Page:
Climate change is depressing. In a Guardian interview, Greta Thunberg’s father shared how his daughter had been deeply depressed at the age of 11, her fears rooted in the climate crisis. With the increased omnipresence of information on social media, news, and websites, it’s no wonder that people are experiencing climate anxiety, particularly those who have never known a time where research meant borrowing a book from the library.
Fossil fuels emit greenhouse gases - so a simple solution to climate change should be to switch to low carbon energy sources and renewable technologies – wind turbines, solar panels, electric vehicles. Consumers heave a sigh of relief, we can make choices in our lives to prevent climate catastrophe, such as buying an electric car. So far, so good.
But what happens when you come across an article – ‘How Green is Your Electric Vehicle’ in the Financial Times*. Suddenly the solution to climate change – rapidly transitioning to renewables, is not so straightforward. Could the electric vehicle that should be solving climate change, be part of the problem? The question arises, what exactly is an electric vehicle? Where did it come from? Who made it and what is it made of?
It’s easy to imagine that electric vehicles come straight out of vibrant billboards. A red Tesla shines in a showroom where it has always belonged. Marketing has erased the historic remnants of a journey across continents that have transformed elements from the earth into electric motors for the road.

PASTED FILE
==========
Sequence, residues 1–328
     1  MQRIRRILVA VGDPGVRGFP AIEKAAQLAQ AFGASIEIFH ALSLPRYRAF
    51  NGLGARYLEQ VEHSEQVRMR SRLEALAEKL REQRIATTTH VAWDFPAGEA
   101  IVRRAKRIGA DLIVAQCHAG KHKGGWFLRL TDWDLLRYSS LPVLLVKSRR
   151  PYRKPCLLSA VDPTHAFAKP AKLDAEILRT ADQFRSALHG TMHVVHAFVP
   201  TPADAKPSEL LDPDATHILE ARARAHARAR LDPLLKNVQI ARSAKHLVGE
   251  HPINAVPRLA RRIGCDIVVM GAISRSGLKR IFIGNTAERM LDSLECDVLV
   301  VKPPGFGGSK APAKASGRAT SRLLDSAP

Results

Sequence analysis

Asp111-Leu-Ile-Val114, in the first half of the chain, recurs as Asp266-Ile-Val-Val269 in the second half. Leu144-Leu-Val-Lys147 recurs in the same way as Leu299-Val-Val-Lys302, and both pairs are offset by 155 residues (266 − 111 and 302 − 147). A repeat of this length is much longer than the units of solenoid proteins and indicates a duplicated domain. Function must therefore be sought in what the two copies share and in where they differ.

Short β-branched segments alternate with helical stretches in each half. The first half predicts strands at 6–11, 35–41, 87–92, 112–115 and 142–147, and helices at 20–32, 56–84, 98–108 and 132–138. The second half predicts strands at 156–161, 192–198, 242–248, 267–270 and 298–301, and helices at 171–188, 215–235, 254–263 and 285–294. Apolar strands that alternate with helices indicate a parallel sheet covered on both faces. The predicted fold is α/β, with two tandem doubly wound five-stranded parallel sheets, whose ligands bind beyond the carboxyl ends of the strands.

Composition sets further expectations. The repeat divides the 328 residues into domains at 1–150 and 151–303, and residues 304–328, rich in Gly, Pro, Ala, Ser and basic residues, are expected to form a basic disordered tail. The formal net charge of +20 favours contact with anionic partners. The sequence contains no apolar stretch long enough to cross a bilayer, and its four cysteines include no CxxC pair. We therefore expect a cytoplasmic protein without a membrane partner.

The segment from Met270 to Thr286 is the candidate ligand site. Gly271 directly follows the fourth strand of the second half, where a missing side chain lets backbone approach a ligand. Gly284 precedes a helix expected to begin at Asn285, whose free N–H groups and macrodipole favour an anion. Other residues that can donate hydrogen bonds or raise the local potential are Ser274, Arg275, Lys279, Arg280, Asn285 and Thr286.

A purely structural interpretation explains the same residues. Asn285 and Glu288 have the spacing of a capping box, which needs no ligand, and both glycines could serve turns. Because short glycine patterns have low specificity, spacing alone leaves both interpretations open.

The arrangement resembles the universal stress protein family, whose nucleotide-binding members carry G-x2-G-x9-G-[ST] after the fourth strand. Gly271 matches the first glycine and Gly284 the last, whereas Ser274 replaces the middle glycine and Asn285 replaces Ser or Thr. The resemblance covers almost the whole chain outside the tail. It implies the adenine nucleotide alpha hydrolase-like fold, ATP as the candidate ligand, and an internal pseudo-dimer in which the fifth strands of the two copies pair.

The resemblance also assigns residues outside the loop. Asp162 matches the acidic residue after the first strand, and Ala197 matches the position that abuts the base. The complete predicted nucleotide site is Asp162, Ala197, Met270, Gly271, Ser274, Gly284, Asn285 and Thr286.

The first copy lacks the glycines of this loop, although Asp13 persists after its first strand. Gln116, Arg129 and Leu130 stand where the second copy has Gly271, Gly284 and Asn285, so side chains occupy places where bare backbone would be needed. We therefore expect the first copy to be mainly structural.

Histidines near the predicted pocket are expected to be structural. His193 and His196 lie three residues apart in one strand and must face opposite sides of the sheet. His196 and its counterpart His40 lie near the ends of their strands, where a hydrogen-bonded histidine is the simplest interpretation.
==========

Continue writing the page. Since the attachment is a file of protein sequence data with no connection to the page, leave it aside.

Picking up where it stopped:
At the Critical Minerals Association, we’re optimistic. We believe strongly in the fight against climate change, protecting biodiversity and ensuring that local communities are supported. We also know that to develop renewable energy sources, we need to build these technologies using the metals and minerals beneath our feet.
When we read ‘How Green is your Electric Vehicle,’ we know that there are significant issues that need to be addressed in critical mineral supply chains – child labour in artisanal mining, CO2 emissions, and employee safety to name a few. We also know that our answer to ‘How Green is your Electric Vehicle’ is ‘it could be greener – and we know how this could be done’.
The Critical Minerals Industry is brimming with enthusiastic, talented individuals who care about the world we live in, and who are teeming with ideas, from innovative satellite monitoring to prevent disasters, to eDNA biodiversity research, and fingerprinting metals to locate the precise origin of a material.
If we could map the provenance of metals from their original source, monitor carbon emissions through life cycle assessments and support mining projects with strong ‘Environmental, Social, Governance’ credentials, eventually we will be able to say ‘My Electric Vehicle is green, it is as green as it possibly could be.’
To find out more about more about what is needed to develop responsible supply chains of critical minerals for the UK’s Green Industrial Revolution, read our ESG Blueprint here.
*The Financial Times published the article 'How Green is Your Electric Vehicle' using CMA's Founding Member Minviro's lithium life cycle assessment data, and it portrays the true impacts of decarbonisation within the electric vehicle supply chain!
Article by Kirsty Benham, Co-Founder, Critical Minerals Association